Published May 15, 2018
While at UB, Victor Bahl (MS ’88, BS ’86) immersed himself in campus life. He earned his bachelor’s and master’s degrees in electrical and computer engineering within five years, was president of both the Indian Student Association and Eta Kappa Nu (and a member of the engineering honor society, Tau Beta Pi), and worked 20 hours a week at Norton Café.
Today, Bahl is just as active: he is director of mobility and networking research in Microsoft’s Artificial Intelligence and Research division, a member of Microsoft’s Redmond Lab Leadership Team, and co-founder of a non-profit organization, Computing For All, which he began with his wife, Ritu.
One of less than a dozen of Microsoft’s 115,000 employees who has attained the prestigious level of Distinguished Scientist, Bahl has worked at the multinational technology company since 1997. He says he enjoys the freedom this position offers: “I pursue investigative research on ideas that potentially turn into products five to ten years out. I take risks because I don’t have to worry about [the pressure of] failing. Luckily, I haven’t failed much!”
Indeed he hasn’t. With more than 150 patents, nearly 42,000 citations and countless awards, including the IEEE Koji Kobayashi Computers and Communications Award (IEEE’s top award in computer networking) and ACM (Lifetime Achievement) Outstanding Contribution Award (top award in mobile systems), Bahl is one of the top achievers in the industry.
At Microsoft, he’s leading several fascinating projects. One, called Project Rocket, is part of a multi-national road traffic safety initiative called Vision Zero, which has the unique mission of eliminating traffic fatalities. Rocket performs real-time video analytics on live feeds from thousands of traffic camera to improve dangerous intersections. In the future, Project Rocket will schedule and coordinate stoplights to reduce driving time, and even alert driverless and smart cars in time to avoid accidents. Currently, Rocket is being piloted in Bellevue, Washington, where Bahl lives, as well as in Washington D.C.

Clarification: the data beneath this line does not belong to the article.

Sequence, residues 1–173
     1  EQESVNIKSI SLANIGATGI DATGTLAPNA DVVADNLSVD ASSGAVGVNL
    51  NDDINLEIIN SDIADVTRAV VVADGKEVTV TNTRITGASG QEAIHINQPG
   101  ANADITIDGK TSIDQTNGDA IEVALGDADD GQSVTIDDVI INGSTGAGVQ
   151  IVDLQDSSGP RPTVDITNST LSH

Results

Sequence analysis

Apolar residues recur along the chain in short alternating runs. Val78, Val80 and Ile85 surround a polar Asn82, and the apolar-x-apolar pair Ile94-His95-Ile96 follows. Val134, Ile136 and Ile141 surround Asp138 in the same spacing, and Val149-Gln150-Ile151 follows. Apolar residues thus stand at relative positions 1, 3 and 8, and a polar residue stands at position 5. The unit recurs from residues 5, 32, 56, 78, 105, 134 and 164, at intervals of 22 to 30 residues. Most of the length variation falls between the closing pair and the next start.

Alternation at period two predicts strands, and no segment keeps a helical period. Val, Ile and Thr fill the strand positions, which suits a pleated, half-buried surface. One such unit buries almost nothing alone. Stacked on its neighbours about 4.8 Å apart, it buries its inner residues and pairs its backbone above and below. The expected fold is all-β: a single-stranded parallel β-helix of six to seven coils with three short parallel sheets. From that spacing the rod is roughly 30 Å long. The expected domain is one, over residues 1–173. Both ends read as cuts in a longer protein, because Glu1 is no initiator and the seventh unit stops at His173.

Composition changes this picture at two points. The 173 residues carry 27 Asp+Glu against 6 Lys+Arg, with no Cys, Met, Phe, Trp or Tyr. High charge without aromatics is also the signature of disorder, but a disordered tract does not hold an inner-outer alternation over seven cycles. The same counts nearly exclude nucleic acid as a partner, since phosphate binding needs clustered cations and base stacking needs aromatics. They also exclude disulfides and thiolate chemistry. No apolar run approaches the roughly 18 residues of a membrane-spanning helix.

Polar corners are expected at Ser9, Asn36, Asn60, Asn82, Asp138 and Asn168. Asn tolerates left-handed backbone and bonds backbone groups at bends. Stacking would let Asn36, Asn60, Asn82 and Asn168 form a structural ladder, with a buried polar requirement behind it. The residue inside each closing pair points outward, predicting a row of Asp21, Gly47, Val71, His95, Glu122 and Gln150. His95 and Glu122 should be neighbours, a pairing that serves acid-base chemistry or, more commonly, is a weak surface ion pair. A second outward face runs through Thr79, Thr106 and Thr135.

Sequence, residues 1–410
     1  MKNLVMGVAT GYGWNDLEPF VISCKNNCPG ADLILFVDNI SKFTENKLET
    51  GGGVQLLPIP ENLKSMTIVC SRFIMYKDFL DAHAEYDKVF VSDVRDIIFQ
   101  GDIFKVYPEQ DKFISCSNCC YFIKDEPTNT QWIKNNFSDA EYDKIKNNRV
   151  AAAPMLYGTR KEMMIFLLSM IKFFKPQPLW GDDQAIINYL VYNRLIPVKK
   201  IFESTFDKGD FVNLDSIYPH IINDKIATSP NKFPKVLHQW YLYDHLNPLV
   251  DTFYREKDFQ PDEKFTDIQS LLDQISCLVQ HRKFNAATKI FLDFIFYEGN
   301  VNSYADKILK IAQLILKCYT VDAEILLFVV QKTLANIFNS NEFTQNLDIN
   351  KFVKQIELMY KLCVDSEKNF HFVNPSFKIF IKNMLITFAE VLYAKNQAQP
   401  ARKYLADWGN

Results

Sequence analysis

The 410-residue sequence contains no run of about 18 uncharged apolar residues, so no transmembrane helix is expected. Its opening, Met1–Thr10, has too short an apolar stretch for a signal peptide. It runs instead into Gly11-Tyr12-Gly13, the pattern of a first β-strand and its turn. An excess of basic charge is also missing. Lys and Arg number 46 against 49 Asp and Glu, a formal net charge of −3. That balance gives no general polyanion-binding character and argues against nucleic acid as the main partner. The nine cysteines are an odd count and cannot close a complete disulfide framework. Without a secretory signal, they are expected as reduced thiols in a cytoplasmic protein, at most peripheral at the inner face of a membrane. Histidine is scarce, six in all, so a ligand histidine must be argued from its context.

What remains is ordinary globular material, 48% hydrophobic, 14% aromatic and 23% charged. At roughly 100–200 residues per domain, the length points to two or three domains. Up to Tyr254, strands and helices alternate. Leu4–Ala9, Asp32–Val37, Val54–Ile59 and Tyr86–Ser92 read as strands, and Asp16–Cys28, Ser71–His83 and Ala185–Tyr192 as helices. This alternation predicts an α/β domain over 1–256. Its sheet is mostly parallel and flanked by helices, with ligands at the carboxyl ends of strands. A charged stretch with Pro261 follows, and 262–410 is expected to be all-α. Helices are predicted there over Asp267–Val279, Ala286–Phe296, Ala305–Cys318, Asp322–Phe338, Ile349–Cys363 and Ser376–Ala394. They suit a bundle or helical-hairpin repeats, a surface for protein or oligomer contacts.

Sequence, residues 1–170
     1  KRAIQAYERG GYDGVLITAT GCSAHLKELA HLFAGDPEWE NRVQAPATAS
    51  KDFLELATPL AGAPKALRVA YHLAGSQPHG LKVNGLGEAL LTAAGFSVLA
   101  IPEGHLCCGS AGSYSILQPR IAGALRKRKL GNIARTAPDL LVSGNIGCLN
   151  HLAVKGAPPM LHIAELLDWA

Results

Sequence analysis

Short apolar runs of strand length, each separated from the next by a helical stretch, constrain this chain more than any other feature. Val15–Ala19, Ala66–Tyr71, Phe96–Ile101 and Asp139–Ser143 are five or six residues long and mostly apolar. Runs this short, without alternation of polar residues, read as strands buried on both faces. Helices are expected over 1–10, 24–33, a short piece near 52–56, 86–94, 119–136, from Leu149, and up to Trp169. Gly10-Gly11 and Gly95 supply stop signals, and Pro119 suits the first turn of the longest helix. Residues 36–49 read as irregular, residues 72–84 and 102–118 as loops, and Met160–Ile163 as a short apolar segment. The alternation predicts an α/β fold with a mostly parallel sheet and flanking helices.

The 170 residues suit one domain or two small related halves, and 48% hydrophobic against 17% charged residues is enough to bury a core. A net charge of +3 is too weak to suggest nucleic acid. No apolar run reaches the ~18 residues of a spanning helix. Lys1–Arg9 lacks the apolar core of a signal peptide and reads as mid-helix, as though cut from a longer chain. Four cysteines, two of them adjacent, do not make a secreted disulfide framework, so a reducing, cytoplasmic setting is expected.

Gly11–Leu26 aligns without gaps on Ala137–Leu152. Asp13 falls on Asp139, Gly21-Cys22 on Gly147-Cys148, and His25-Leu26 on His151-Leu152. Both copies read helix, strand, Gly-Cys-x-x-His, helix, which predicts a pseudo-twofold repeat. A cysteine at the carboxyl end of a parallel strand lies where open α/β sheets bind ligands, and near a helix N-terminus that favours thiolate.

Bahl and his wife have a few projects of their own as well. In 2014, she began the afterschool/summer camp program, Computing Kids, which gets K-8 students excited about computing through programming interactive games. Then in 2015, the couple founded Computing For All, a competition that attracts approximately 150 Washington State middle and elementary school students who challenge each other in computational thinking exercises, hackathons and original design projects
“Ritu and I plan to expand the competition to include high school students and adults, and develop it in other states,” says Bahl. “Because the need for this type of skill in the U.S. is great.”
Bahl has also been involved with UB’s Department of Computer Science and Engineering (CSE) over the years. In addition to being a generous financial donor, he has used his position as the chairperson and founder of SIGMOBILE to get ACM (Association of Computing Machinery) to sponsor academic events organized by the department. He also helped Steve Ko, an associate professor in CSE, bring ACM's high-profile MobiSys International Conference on Mobile Systems, Applications and Services to the Buffalo-Niagara region in 2017.
Most recently, Bahl reconnected with his alma mater as part of CSE’s 50th anniversary celebration. Both President Satish Tripathi, who Bahl has known for years, and department chair Chunming Qiao, invited him to serve as a keynote speaker at the event and to participate in a panel discussion entitled “Hot Topics in Industry and Academia.”
About the event, Bahl says: “Chunming did a fabulous job organizing four days of events to commemorate this significant milestone in CSE’s history. He gave my wife, Ritu, and me a tour of the new $50 million CSE building, Davis Hall, and Steve Ko showed me his well-equipped networked systems research lab.”
Bahl also enjoyed meeting Sung-Mo Kang, former president of Korea Advanced Institute of Science and Technology (KAIST) and former chancellor of the University of California, Merced, and Bruce Shriver, UB’s second CSE PhD graduate and former president of the IEEE Computer Society. He also mentions a few of the many CSE luminaries he learned about, including Robin Li, co-founder, chairman and CEO of Baidu Inc. and C.L. Max Nikias, president of University of Southern California.
With so many accomplishments under his belt, we asked Bahl for some words of wisdom for current UB engineering and applied sciences students: “Have a vision for your life and be very deliberate about the problems you work on. Educate yourself and question the assumptions—what made sense previously may not make sense now. Find jobs where you are surrounded with smart people who think critically and have a can-do attitude; they will up your game. The world is ready for technology disruptions, and those who think boldly and operate fearlessly will get us to the next level. Develop great instincts by doing more, take initiatives, and above all persevere.”
Bahl is this year’s Distinguished Alumnus Speaker at the School of Engineering and Applied Sciences’ 2018 graduate commencement ceremony, to be held on May 18.